At our next stop we picked up the second one for $15 bucks and we were feeling quite victorious. Rah us. So we headed out to our third stop. This was the coolest place, it was an independent store and on entering we were greeted by a big boned woman whose hair was bright crayon blue. Her hair was as independent as she herself seemed to be. It went where it wanted to. She had piercings and tats and presented herself to the world as a bold, strong, powerful woman. I liked her right off because her greeting of me in no way patronized me, some people greet me like I'm a puppy entering their store, she didn't, she greeted me like a customer. That's rarer than you might think.

So, I asked if they had the first Hunger Games, she grinned and said that she thought they did. We followed her but had to stop because there were two women in the store with two children. One was about 7 and the other was in a stroller. They glanced around and saw me waiting for the clerk and began giggling together. I didn't hear what they said, but the clerk did. She turned to them and said, "That stops now, that kind of behaviour isn't welcome in this store!" The women were stunned, one started to protest, she was cut off. "I'm appalled that you would engage in teasing and bullying right in front of your child. What are you teaching?"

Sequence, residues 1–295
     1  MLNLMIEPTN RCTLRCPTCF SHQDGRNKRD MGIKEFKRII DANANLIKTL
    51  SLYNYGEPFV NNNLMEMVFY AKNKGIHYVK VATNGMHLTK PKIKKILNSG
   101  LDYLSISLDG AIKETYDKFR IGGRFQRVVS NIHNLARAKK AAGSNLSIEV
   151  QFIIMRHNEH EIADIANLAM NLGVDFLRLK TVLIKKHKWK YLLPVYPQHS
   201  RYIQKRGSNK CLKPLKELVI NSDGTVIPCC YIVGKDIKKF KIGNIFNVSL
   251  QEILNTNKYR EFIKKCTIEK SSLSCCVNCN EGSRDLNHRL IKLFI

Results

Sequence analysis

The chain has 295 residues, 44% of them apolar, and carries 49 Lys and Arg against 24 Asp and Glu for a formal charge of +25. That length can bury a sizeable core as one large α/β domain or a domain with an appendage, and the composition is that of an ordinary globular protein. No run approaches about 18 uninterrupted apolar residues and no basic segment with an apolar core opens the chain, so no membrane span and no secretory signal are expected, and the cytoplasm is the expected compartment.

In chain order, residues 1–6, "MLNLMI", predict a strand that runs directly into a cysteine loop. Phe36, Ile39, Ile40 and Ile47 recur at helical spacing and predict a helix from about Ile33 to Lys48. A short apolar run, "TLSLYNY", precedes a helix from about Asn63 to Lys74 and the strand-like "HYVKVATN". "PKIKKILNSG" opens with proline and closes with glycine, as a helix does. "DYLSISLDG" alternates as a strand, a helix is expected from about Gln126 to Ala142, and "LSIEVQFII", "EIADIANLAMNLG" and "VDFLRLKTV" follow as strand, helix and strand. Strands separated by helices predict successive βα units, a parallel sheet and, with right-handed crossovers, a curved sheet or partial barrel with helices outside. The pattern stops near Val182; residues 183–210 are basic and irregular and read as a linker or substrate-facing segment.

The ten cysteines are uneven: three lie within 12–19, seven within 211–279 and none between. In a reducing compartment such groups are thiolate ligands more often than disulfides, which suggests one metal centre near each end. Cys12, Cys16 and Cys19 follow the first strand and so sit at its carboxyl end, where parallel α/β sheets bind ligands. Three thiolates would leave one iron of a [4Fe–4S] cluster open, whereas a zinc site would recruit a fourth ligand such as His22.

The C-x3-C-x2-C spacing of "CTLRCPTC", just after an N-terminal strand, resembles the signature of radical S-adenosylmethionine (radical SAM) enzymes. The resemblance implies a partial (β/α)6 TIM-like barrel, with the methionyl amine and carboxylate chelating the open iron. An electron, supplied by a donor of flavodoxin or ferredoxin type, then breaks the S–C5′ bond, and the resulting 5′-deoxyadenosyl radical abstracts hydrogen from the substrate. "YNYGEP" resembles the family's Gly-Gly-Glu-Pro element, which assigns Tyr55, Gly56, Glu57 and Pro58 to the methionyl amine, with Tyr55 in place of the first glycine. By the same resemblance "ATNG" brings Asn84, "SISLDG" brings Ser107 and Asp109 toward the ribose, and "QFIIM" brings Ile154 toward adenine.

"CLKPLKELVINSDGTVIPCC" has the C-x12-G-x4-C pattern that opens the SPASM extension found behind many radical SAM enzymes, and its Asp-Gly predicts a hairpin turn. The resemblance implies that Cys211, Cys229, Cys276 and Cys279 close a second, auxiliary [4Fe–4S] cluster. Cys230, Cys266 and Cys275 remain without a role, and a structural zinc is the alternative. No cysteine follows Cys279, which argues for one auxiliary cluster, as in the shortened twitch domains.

The shocker was that the two women didn't leave the store. They just quietly continued shopping. The clerk came back to me as if nothing happened. Chatted about the Hunger Games franchise, suggested a couple other series we might like and rang up our purchase. I got out my debit card to pay, wanting to say something, but knowing that it was unnecessary and probably best left unsaid. She knew I appreciated what she'd done.

 She reminded me that we all have voices. We all have the power to create safe places around us, places of welcome, places of inclusion. She knew she had that power, and she used it, without fear and without hesitation.

On seeing how easy that was I wondered why I'd never seen it before.

Tuesday, November 25, 2014

Can She Feel?

Horror, yes. Disgust, yes. Surprise, no. Like many of you, when I heard that in a Los Angeles court an expert testified that a 9 year old girl with an intellectual disability would not experience trauma because, essentially, the less intelligent you are, the less trauma you will experience. Further he stated that, even though this girl was repeatedly assaulted her disability was a 'protective factor' regarding trauma.

While many people have written, powerfully, about the implications of his testimony and the outrageous contention that people with disabilities don't experience real trauma and emotional pain. I am astounded that this guy even got to testify at all. The acceptance of the question, "Do people with intellectual disabilities experience pain and trauma?" or more bluntly, "Would a 9 year old girl, with an intellectual disability, who is repeatedly sexually assaulted, against her will and without her consent, by a non-disabled peer be able to experience trauma?" is the real outrage.